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Seeing Double: An Alternative to End-to-End Testing

Do you feel that your end-to-end testing delivers value?

End-to-end tests can take a long time to set up, can be complicated, and are often flaky. Why is this? Lots of moving parts (environment requirements), lots of interfaces between components, and lots of rigidity and potential brittleness in our toolchains when things change.

It’s not just that e2e tests are not just hard to set up; they are also challenging to maintain.

This blog post by Javier Lopez (medium members only) got me thinking about this subject. I’m distilling down what I believe the core elements to replacing an end-to-end test should be. That blog post was itself inspired by this one by JS Rainberger.

The end-to-end test will take several components, glue them together in a way that you use and test the ‘happy path’ when things just work. How often is this representative of your actual system? And how often do we get to a point where the test is so complicated to maintain that it just fails too regularly?

Several points here:

  1. What are the distinguishing features of good tests?
  2. What do we do when tests fail regularly?
  3. What value do our end-to-end tests give?
  4. What alternative is there?

Javier proposes using FIRST principles for deciding on good tests:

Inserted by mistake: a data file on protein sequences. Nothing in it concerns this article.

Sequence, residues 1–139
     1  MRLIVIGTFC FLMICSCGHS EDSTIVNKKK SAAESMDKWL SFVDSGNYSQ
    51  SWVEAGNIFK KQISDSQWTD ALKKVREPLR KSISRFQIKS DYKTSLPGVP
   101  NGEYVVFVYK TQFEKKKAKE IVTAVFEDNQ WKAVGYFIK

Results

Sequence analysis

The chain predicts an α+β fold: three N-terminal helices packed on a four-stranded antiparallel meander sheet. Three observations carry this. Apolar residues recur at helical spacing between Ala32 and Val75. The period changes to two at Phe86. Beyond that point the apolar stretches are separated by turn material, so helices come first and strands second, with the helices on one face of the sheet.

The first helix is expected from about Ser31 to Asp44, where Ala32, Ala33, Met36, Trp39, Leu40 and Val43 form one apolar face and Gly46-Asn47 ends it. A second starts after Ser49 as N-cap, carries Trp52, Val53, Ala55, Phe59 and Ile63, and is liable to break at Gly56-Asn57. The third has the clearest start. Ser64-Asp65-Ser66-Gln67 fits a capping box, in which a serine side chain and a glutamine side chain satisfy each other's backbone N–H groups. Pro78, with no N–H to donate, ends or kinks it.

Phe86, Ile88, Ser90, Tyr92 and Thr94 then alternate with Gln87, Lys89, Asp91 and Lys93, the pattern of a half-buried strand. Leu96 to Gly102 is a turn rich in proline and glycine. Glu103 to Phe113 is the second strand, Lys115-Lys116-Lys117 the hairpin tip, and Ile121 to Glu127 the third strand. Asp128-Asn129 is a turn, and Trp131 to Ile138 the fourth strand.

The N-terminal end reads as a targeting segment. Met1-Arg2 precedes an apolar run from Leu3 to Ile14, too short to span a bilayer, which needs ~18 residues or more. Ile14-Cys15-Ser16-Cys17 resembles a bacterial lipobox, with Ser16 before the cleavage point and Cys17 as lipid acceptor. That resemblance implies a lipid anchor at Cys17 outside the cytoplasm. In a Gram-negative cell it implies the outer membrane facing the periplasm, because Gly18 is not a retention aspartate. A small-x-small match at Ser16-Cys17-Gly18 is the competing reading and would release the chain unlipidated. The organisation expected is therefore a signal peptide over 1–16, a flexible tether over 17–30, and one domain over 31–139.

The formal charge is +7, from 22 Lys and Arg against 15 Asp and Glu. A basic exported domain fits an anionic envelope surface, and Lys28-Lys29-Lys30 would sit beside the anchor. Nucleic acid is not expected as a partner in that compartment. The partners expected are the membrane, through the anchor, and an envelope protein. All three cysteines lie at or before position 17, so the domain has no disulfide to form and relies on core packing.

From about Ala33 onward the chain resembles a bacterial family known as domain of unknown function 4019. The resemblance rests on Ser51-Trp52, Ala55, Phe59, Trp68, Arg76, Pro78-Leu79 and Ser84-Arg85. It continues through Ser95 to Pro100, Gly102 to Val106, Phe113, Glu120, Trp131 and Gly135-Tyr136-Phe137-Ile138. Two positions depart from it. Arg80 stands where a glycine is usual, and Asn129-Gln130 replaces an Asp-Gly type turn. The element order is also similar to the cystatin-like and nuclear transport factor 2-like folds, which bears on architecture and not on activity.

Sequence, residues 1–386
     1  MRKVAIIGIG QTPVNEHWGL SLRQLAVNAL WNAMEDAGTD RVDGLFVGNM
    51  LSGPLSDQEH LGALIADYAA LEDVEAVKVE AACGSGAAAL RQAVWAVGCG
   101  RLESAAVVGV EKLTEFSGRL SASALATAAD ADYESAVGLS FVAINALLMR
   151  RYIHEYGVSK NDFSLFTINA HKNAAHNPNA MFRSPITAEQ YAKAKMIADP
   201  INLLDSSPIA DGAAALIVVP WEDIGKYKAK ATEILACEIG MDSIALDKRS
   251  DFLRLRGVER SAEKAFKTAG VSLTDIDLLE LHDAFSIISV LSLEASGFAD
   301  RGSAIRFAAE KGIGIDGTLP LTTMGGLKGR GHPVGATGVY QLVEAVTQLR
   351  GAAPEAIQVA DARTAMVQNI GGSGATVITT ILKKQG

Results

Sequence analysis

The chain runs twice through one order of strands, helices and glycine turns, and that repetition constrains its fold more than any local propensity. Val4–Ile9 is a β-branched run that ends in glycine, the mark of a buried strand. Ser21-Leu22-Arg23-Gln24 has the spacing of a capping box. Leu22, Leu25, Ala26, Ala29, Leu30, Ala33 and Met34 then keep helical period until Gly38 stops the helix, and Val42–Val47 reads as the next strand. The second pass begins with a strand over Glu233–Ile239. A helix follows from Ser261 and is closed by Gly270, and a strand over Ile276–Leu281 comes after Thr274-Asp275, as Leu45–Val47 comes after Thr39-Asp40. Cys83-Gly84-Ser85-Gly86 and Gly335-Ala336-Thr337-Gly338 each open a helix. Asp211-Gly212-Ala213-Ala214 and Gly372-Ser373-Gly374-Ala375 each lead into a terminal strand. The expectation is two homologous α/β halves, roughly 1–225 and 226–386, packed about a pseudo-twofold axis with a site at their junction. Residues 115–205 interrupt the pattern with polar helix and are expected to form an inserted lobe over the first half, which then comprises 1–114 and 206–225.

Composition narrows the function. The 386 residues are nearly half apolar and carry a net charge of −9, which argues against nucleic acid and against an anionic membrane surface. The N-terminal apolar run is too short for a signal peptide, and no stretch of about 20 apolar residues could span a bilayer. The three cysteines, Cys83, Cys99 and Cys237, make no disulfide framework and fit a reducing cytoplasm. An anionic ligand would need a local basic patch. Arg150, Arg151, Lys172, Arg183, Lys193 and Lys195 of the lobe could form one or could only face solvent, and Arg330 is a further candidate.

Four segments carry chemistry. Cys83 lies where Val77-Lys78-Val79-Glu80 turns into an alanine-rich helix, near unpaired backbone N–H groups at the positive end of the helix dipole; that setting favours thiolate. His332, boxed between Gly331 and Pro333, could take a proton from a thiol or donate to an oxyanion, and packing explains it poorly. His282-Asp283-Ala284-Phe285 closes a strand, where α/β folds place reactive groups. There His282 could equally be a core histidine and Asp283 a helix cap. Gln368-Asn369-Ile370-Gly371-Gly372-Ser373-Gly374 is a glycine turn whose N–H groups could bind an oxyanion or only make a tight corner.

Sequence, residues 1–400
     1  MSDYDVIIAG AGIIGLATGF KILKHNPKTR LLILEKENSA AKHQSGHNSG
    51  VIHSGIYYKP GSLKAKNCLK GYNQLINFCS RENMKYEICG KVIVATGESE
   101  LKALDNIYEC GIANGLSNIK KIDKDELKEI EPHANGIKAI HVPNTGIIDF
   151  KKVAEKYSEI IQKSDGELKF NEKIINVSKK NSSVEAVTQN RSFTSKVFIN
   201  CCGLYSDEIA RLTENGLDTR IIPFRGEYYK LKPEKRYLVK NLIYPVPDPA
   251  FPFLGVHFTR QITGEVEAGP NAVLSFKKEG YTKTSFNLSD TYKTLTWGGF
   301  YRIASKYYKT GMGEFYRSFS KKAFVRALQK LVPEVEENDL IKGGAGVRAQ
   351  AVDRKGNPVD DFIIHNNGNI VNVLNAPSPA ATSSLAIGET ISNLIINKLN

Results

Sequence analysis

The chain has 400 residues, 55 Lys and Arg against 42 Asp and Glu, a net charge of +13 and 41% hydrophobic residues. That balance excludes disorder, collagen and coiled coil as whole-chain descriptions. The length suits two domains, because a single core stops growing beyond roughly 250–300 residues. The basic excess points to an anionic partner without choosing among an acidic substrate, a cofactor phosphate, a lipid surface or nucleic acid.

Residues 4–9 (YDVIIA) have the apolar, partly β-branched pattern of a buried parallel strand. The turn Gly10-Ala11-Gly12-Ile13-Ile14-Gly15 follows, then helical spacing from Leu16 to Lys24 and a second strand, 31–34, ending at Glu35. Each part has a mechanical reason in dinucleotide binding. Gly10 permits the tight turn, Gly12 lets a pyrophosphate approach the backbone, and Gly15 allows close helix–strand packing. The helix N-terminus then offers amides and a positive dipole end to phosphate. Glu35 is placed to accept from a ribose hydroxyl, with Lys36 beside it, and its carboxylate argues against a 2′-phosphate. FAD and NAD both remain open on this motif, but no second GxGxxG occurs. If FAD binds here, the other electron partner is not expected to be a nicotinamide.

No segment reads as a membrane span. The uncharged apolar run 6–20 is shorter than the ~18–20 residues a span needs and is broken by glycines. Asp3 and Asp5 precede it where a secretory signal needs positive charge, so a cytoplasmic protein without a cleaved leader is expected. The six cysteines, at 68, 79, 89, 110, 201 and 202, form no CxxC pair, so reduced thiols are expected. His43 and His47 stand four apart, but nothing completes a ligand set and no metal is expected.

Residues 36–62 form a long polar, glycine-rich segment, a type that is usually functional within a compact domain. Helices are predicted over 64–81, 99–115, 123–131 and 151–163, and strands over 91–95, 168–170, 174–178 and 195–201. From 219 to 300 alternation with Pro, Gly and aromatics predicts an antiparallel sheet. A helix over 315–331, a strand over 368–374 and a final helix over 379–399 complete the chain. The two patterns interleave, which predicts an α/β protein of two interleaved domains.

• Fast
  • Isolated/Independent
  • Repeatable
  • Self-validating
  • Thorough

What do we do when tests fail regularly? We either ignore them or turn them off. How often do we check them?

So then our value for end-to-end tests is low. They are only ‘happy path’ tests that validate when everything is working.

What is the alternative?

Contract Testing and Test Doubles.

The summary of this is: let’s make sure that the component that we are working on has a contract with the rest of the services in our application and let’s make sure it tests itself.

Javier found this brilliant quote from Kent Beck on StackOverflow:

Kent Beck : “I get paid for code that works, not for tests”

When we create a component, we ensure that its interfaces are doubled for the purposes of testing. That means we create three things:

  • The code itself in component form
  • The interface towards other components
  • An interface “double” which returns dummy results for testing purposes

The exciting thing about the Kent Beck quote, and the subsequent comments, is that there is no ‘perfect’ solution for testing. It’s something we must do, but we don’t know how much of it we must do. But by sticking to FIRST principles and keeping testing local – we break the dependency between systems which makes testing them so tricky.